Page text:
Your doctor may prescribe an anti-anxiety medication if your symptoms are severe. These medications can help ease symptoms in some people but have side effects for others. 

Support Groups

Support groups are also a viable option for people who have separation anxiety in adults. Knowing that there is hope and that others have been able to overcome their struggles may give you motivation and encouragement to get through your own situations as well. 

How to Deal With Separation Anxiety in Adults?

Here are some things you can do to deal with your separation anxiety:

Practice Relaxation Techniques

Relaxation techniques work best anytime. However, relaxation can be especially helpful when dealing with separation anxiety in adults because by practicing it you help your body respond more calmly and appropriately during stressful times. 

Here are some ways you can practice relaxation:

  • Yoga
  • Meditation
  • Breathing exercises
  • Take a nap

Practice Separation

One way to help ease separation anxiety in adults is by taking steps towards separating yourself from loved ones on purpose without causing any undue stress. This is especially true for people in codependent relationships.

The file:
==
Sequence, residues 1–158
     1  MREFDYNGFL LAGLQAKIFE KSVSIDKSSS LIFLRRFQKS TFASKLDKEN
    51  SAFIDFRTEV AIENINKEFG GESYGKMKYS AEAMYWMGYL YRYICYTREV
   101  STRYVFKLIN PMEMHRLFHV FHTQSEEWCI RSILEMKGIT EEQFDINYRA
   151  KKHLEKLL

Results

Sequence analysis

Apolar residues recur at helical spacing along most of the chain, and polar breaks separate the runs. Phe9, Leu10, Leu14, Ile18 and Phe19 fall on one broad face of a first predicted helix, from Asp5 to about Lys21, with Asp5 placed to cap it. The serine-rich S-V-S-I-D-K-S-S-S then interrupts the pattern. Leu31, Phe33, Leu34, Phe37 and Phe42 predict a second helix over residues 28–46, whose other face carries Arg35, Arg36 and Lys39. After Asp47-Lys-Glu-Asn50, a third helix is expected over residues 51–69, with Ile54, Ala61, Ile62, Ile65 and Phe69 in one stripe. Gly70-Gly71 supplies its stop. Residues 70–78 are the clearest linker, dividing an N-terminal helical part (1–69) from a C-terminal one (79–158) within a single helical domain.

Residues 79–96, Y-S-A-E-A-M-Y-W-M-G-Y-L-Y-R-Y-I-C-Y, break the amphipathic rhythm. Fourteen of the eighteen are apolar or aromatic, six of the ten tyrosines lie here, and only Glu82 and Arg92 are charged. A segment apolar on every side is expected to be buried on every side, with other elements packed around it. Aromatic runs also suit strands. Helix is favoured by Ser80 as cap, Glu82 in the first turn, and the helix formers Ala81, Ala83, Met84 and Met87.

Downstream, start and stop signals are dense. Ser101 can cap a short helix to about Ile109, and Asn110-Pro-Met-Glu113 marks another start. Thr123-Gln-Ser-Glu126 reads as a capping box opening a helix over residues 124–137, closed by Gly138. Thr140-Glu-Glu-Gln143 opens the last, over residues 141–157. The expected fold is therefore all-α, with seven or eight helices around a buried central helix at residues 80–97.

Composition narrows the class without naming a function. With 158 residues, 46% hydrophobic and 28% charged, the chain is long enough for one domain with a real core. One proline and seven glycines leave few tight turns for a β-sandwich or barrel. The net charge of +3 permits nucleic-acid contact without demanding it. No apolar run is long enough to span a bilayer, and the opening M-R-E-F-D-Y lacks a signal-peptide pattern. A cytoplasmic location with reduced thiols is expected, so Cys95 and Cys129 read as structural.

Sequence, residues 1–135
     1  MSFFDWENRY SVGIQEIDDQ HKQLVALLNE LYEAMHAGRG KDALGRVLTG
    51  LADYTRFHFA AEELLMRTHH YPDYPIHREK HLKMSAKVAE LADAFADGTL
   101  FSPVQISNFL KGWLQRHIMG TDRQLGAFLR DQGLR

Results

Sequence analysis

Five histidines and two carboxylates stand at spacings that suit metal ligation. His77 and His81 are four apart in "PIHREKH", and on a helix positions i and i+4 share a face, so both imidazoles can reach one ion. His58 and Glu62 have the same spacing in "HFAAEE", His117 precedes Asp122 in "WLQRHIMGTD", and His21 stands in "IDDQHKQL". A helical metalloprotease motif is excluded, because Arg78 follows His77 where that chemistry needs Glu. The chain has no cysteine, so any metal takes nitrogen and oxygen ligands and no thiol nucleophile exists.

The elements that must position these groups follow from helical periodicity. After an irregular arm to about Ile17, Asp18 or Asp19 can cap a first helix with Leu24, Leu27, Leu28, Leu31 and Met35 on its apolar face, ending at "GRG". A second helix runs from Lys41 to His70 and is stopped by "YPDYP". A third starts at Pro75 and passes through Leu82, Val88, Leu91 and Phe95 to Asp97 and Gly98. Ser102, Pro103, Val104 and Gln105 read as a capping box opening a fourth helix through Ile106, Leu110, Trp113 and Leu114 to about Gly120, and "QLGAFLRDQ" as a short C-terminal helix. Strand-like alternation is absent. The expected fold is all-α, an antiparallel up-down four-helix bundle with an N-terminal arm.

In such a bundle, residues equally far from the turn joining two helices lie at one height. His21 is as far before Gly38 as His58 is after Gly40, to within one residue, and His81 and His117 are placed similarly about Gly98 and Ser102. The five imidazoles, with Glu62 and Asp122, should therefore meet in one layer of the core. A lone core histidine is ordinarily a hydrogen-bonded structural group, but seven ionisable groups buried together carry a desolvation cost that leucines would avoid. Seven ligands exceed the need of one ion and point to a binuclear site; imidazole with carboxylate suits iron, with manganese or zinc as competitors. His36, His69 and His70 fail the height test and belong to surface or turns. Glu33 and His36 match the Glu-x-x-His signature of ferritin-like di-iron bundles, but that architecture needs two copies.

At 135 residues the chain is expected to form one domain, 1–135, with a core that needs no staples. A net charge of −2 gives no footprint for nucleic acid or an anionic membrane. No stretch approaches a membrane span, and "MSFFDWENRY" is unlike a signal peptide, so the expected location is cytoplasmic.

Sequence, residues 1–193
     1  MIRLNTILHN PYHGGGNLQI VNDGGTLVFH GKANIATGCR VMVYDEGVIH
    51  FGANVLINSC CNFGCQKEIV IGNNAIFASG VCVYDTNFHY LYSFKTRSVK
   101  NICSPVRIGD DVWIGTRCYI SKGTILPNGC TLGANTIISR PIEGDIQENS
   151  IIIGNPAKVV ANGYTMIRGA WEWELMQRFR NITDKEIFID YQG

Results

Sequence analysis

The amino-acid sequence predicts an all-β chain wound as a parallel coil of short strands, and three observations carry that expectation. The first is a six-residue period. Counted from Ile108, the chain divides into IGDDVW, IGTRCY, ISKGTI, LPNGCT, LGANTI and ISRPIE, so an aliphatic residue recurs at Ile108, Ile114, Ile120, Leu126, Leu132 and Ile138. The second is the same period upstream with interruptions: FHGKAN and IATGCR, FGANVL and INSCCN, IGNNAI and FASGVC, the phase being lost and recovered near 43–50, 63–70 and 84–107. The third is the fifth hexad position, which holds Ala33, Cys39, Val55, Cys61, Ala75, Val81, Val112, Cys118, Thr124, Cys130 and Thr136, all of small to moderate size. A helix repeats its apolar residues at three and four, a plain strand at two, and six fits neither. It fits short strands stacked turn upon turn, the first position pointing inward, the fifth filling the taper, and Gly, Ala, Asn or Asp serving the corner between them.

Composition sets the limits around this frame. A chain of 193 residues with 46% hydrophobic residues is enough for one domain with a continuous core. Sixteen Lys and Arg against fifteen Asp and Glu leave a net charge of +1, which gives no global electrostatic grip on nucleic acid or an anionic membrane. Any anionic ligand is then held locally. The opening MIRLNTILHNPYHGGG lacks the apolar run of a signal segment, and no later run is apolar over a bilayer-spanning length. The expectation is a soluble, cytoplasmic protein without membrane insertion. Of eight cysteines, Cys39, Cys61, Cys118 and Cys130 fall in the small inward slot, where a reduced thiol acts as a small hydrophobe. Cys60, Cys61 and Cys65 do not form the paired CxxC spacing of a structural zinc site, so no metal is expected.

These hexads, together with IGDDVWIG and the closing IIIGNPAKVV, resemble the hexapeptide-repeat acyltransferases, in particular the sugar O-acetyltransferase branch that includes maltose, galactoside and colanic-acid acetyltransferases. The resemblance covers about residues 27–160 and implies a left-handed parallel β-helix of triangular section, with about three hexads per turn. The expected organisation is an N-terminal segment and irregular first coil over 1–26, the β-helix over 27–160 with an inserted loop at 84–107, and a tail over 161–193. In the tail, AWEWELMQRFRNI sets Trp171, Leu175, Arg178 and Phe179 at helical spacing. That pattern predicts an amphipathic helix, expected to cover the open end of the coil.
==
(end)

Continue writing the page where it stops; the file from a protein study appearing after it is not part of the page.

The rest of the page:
For example: if you are going away for a few days, start counting down until your departure date so that you don’t feel anxious about it beforehand. You can also prepare yourself mentally by thinking about what you will need when you get there (newspaper, cell phone charger, etc.). 

Or if you are going away for a long trip, for example, to visit friends and family overseas, start preparing yourself by packing your suitcase in advance or going through the itinerary so that you don’t feel anxious about it.

Practice Self-Soothing Techniques

Self-soothing techniques help adults deal with separation anxiety because they give them something to focus on when times are hard, which means less pressure is placed on loved ones who also want to help these people cope. 

Here are some self-soothing techniques: 

  • Journaling
  • Listening to music
  • Going for a walk
  • Doing something creative, like drawing or writing poetry 
  • Having a massage or getting your hair done